2020 Georgia Code
Title 51 - Torts
Chapter 12 - Damages
Article 1 - General Provisions
§ 51-12-1. Types of Damages; Evidence Admissible in Actions Involving Special Damages

Universal Citation: GA Code § 51-12-1 (2020)
  1. Damages may be either general or special, direct or consequential.
  2. In any civil action, whether in tort or in contract, for the recovery of damages arising from a tortious injury in which special damages are sought to be recovered or evidence of same is otherwise introduced by the plaintiff, evidence of all compensation, indemnity, insurance (other than life insurance), wage loss replacement, income replacement, or disability benefits or payments available to the injured party from any and all governmental or private sources and the cost of providing and the extent of such available benefits or payments shall be admissible for consideration by the trier of fact. The trier of fact, in its discretion, may consider such available benefits or payments and the cost thereof but shall not be directed to reduce an award of damages accordingly.

(Orig. Code 1863, § 3001; Code 1868, § 3014; Code 1873, § 3069; Code 1882, § 3069; Civil Code 1895, § 3909; Civil Code 1910, § 4506; Code 1933, § 105-2005; Ga. L. 1987, p. 915, § 3.)

Law reviews.

- For article, "Georgia's New Collateral Source Rule," see 39 Mercer L. Rev. 1 (1987). For article, "Recovery of Lost Profit Damages for Business Interruption or Destruction," see 28 Ga. St. B. J. 63 (1991). For annual survey on law of evidence, see 43 Mercer L. Rev. 257 (1991). For article, "The Georgia Jury and Negligence: The View From the (Federal) Bench," see 27 Ga. L. Rev. 59 (1992). For note, "The Collateral Source Rule in Georgia: A New Method of Equal Protection Analysis Brings a Return to the Old Common Law Rule," see 8 Ga. St. U.L. Rev. 835 (1992).



  • General Consideration
  • Evidence in Special Damages Cases
General Consideration

General damages are those which law presumes to flow from a tortious act, and may be awarded without proof of any specific amount, to compensate the plaintiff for the injury done the plaintiff. Alexander v. Holmes, 85 Ga. App. 124, 68 S.E.2d 242 (1951); Avery v. K.I., Ltd., 158 Ga. App. 640, 281 S.E.2d 366 (1981).

Provisions of this section are not applicable to case of slander when the plaintiff is only seeking general damages which the law presumes flows from a slanderous per se utterance. Ingram v. Kendrick, 48 Ga. App. 278, 172 S.E. 815 (1934).

The collateral source rule, which was abolished by the 1987 amendment of O.C.G.A. § 51-12-1, merely prevented the receipt of benefits or mitigation of loss from sources other than the defendant from operating to diminish the plaintiff's recovery of damages. Orndorff v. Brown, 197 Ga. App. 591, 399 S.E.2d 77 (1990).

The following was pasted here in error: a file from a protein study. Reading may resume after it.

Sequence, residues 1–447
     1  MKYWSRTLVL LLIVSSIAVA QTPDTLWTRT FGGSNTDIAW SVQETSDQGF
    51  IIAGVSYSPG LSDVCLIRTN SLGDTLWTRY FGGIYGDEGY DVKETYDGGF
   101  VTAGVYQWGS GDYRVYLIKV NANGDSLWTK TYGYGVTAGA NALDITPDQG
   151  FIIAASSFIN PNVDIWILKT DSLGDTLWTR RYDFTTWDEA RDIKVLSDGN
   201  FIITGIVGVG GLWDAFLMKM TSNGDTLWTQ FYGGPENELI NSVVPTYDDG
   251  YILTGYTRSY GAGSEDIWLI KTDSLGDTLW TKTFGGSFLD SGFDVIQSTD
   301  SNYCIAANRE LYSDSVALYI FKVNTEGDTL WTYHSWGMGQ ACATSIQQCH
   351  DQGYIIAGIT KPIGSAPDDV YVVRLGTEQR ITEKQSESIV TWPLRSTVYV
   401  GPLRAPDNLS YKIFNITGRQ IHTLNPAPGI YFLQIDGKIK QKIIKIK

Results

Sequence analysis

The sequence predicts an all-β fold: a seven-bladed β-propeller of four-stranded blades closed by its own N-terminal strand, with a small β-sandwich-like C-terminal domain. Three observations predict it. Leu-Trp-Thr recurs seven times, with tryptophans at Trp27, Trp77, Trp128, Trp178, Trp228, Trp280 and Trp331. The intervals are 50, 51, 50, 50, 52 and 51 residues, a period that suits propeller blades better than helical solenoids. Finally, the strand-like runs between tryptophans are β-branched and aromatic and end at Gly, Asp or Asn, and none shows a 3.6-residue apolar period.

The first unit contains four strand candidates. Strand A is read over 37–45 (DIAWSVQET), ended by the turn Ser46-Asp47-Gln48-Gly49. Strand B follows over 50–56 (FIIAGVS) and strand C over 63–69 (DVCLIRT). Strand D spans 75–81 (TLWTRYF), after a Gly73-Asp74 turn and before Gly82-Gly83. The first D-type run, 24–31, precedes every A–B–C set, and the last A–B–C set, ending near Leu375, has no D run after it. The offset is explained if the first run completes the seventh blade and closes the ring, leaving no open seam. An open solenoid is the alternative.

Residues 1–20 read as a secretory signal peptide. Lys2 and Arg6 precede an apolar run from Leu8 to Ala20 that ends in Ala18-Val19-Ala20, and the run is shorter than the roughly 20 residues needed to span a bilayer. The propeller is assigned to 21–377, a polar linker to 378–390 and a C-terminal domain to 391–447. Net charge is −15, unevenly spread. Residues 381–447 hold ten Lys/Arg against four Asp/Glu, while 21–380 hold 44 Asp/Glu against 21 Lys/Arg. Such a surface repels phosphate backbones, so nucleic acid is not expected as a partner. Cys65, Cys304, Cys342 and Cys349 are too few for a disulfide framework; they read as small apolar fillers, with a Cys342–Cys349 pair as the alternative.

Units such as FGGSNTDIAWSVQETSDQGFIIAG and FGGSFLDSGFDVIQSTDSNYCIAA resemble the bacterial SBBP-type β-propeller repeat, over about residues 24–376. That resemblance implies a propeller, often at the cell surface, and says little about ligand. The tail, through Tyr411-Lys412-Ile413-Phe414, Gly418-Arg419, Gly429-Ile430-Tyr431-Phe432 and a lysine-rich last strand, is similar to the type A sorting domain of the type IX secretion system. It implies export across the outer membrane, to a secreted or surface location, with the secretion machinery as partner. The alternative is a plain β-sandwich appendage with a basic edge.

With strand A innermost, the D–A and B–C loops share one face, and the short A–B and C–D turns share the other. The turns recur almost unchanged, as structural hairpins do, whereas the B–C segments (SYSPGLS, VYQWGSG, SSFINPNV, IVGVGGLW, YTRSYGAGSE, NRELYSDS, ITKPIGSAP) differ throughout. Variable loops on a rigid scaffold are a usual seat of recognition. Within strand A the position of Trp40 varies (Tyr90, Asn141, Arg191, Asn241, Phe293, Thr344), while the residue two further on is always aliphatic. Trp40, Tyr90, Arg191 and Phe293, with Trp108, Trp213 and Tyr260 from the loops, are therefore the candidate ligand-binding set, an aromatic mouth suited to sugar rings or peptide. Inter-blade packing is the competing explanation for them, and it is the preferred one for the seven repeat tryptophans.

Cited in Candler v. Smith, 50 Ga. App. 667, 179 S.E. 395 (1935); Porter v. Bland, 105 Ga. App. 703, 125 S.E.2d 713 (1962); Town Fin. Corp. v. Hughes, 134 Ga. App. 337, 214 S.E.2d 387 (1975); Anthony v. Anthony, 143 Ga. App. 691, 240 S.E.2d 167 (1977); Edwards v. Wilson, 185 Ga. App. 514, 364 S.E.2d 642 (1988); Powers v. Jones, 185 Ga. App. 859, 366 S.E.2d 234 (1988); Thomas v. Clark, 188 Ga. App. 606, 373 S.E.2d 668 (1988); Wilhelm v. Atlanta Gas Light Co., 190 Ga. App. 869, 380 S.E.2d 276 (1989); Mallory v. Daniel Lumber Co., 191 Ga. App. 234, 381 S.E.2d 406 (1989); Malloy v. Elmore, 191 Ga. App. 564, 382 S.E.2d 395 (1989); DeKalb County v. Orwig, 196 Ga. App. 255, 395 S.E.2d 824 (1990); Candler Hosp. v. Dent, 228 Ga. App. 421, 491 S.E.2d 868 (1997).

Evidence in Special Damages Cases

Subsection (b) unconstitutional.

- Subsection (b) of O.C.G.A. § 51-12-1 violates Ga. Const. 1983, Art. I, Sec. I, Para. II, which mandates that the paramount duty of government is the protection of person and property and that the protection shall be impartial and complete, and it is therefore void. Denton v. Con-Way S. Express, Inc., 261 Ga. 41, 402 S.E.2d 269 (1991).

In negligence action brought by bicyclist against insureds and their insurance carrier for injuries incurred when allegedly struck by the insured's vehicle, the trial court erred by denying the insured's motion to bifurcate claims for trial of negligence claim and bicyclist's claim for benefits under former no fault insurance statute based on the applicability of subsection (b) of O.C.G.A. § 51-12-1 which was held unconstitutional. Cincinnati Ins. Co. v. Reybitz, 205 Ga. App. 174, 421 S.E.2d 767 (1992).

Subsection (b) objections not waived.

- Plaintiffs were not precluded from raising an objection to an unconstitutional charge because the plaintiffs, themselves, had introduced evidence of collateral source payments to support the plaintiffs' claim that the plaintiffs' damages were substantial since the plaintiffs had the right to introduce evidence of insurance payments to prove the plaintiffs' damages, or for any other reason, regardless of the existence or constitutionality of subsection (b) of O.C.G.A. § 51-12-1. Tyler v. Roberts, 204 Ga. App. 380, 419 S.E.2d 103, cert. denied, 204 Ga. App. 922, 419 S.E.2d 103 (1992).

Subsection (b) not applied retroactively.

- Subsection (b) of O.C.G.A. § 51-12-1 works a substantive change in the law governing collateral benefits. There is no express or clear intention of the legislature to give the statute retroactive effect. Therefore, the subsection shall be given prospective effect only. Polito v. Holland, 258 Ga. 54, 365 S.E.2d 273 (1988).

When the cause of action accrued before July 1, 1987, subsection (b) of O.C.G.A. § 51-12-1 is inapplicable as the subsection has been construed as substantive and should be given prospective effect only. A.H. Friedman, Inc. v. Augusta Burglar Alarm Co., 186 Ga. App. 769, 368 S.E.2d 534 (1988); Whelchel v. Thomas Ford Tractor, Inc., 190 Ga. App. 156, 378 S.E.2d 510 (1989).

Subsection (b) of O.C.G.A. § 51-12-1 shall be given prospective effect only and does not apply when the cause of action arose prior to the effective date of the statute (July 1, 1987), even when the case is tried subsequent to the statute's effective date. Quality Rental Co. v. Grier, 187 Ga. App. 5, 369 S.E.2d 276 (1988).

The trial court erred in ruling that evidence of collateral payments would be admissible since the cause of action arose prior to July 1, 1987, the date that subsection (b) of O.C.G.A. § 51-12-1 became effective. Bryan v. King, 187 Ga. App. 7, 369 S.E.2d 278 (1988).

Subsection (b) of O.C.G.A. § 51-12-1, added in 1987 and allowing the consideration of collateral source insurance benefits, has prospective application only. Le Twigge, Ltd. v. Wammock & Co., 187 Ga. App. 446, 370 S.E.2d 631 (1988).

Subsection (b) of O.C.G.A. § 51-12-1 is to be given prospective effect only; therefore, the subsection is inapplicable to an action which arose and was filed prior to July 1, 1987, the effective date of the statute. Ray v. Anderson, 189 Ga. App. 80, 374 S.E.2d 819 (1988).